Monday evening, Ainsley and I set out aboard our Mercians for what we hoped would be the classic Wednesday night ride from downtown Greenwood out Scotch Cross and back in via Lebanon Church and the infamous Canadian Mist Highway - but it was not to be.  By the time we reached the end of the rail-trail at Florida Avenue there was thunder that could no longer be ignored.  We bore left and ran like bunnies down New Market.  We were coming up the rise to Marshall Road when it started raining.  We booked it along, hooking left along Robber Baron row on East Creswell before taking shelter in the overhang outside Immanuel Lutheran and waiting out the worst of it.

As I noted out there in Facebook land, fenders are good things, cycling buddies like Ainsley who are philosphical and amused by rain are even better.  We eventually made it home, where we dried off and waited out the rest of the storm over coffee and wide-ranging conversation.

Wednesday I came home and I NEEDED to ride.  It was a last-minute, bolt-down-a-PBJ-and-get-out-the-door kinda ride, and I took the Gitane and got as close to hammering as I have gotten in eons.  Leaving at 6:30 gave me some time, but not a lot.  I complimented the young couple at the far end of the rail-trail on their beautiful German Shepherd.  I waved to motorists and they waved back to me, and everybody was cool.  I hooked right through the neighborhood and went down 221 to the 225 Bypass, thence down Scotch Cross road, pausing long enough to raise my handlebars about 1 cm, then again a little while later to get the bars and stem exactly, precisely, correctly straight to fend off CDO (because those letters should be in alphabetical order!).

I was coming up Lebanon Church Road when I saw an outline up ahead.  I thought, "dog?" and then got close enough to see the huge ears.  It was a fawn, all legs and white speckled cuteness, and the poor dear/deer saw me and took flight.  Bless its heart, it was trapped between me on the road and the fence line, so it fled along that grassy strip.  I had time to ponder the expression "runs like a deer" and lament that while I could think of the photo of Njinksy, I could not summon Afternoon of a Faun in my head.  The little deer turned down into a nook with a gate and watched me pass on by, and I sincerely hope the little beggar made his way back home.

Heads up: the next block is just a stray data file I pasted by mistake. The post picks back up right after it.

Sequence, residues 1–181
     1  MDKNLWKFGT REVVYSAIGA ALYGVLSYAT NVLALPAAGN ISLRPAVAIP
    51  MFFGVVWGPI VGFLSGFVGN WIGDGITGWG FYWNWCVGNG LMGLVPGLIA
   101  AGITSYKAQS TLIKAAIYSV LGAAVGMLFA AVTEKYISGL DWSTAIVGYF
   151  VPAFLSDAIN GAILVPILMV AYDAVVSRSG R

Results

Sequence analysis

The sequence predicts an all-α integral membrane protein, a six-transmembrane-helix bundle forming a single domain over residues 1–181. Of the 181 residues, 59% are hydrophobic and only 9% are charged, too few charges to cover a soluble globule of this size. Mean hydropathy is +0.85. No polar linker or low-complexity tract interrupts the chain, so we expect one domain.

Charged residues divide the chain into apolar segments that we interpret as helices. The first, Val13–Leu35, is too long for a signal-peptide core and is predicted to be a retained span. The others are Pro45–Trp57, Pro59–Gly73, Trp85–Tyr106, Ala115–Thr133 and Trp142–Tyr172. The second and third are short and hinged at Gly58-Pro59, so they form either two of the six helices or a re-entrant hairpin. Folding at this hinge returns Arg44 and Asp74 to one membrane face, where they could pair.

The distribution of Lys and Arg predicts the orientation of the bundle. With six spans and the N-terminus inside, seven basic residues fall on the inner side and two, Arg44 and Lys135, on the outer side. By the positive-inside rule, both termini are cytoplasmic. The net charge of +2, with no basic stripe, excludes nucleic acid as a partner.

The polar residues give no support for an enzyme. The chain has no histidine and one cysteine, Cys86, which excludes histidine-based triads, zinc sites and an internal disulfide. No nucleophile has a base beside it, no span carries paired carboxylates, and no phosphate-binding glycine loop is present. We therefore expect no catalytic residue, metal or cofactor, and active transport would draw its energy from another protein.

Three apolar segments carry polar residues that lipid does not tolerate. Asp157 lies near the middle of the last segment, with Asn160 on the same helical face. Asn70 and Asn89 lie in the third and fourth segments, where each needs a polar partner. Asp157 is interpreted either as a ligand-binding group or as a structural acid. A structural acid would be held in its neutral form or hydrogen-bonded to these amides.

It was overcast and getting dark fast.  I poured it on, as much as I could, and the old Gitane ran arrow-straight beneath me.  I marveled at how smooth and straight the ancient Stronglight crank and chainring ran, how I was able to glide along down the Canadian Mist Highway past the empty bottles it is named for.  Onto Florida Avenue, then bombing down the hill to the rail trail and encountering the same young couple.  What else could I do?  I said, "Hello again, and that is still a beautiful Shepherd!" They smiled, I smiled, the Shepherd was beautifully behaved again and I dug in and kept turning 'em 'round.

8:00 found me on the trail still, and I stood on the bike and punched it up the nasty little rise at the curve, then it was through Uptown Greenwood past the topiaries.  The traffic light at Maxwell and Main actually registered that there was a vehicle present when I put the bike right about where the sensor should be, and the light changed like I was real traffic or something.  No such luck at the Grace Street light, but I got around that and managed to burn on home.  I rolled up into the carport and was rewarded almost immediately by the pitter patter of raindrops on the metal roof.  I had 21 miles with an average speed of 15-point-something, which is my fastest ride in probably seven years or so.

Life is good, love is better, and God's love is the best of all.  More later!

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Location: Greenwood, South Carolina, United States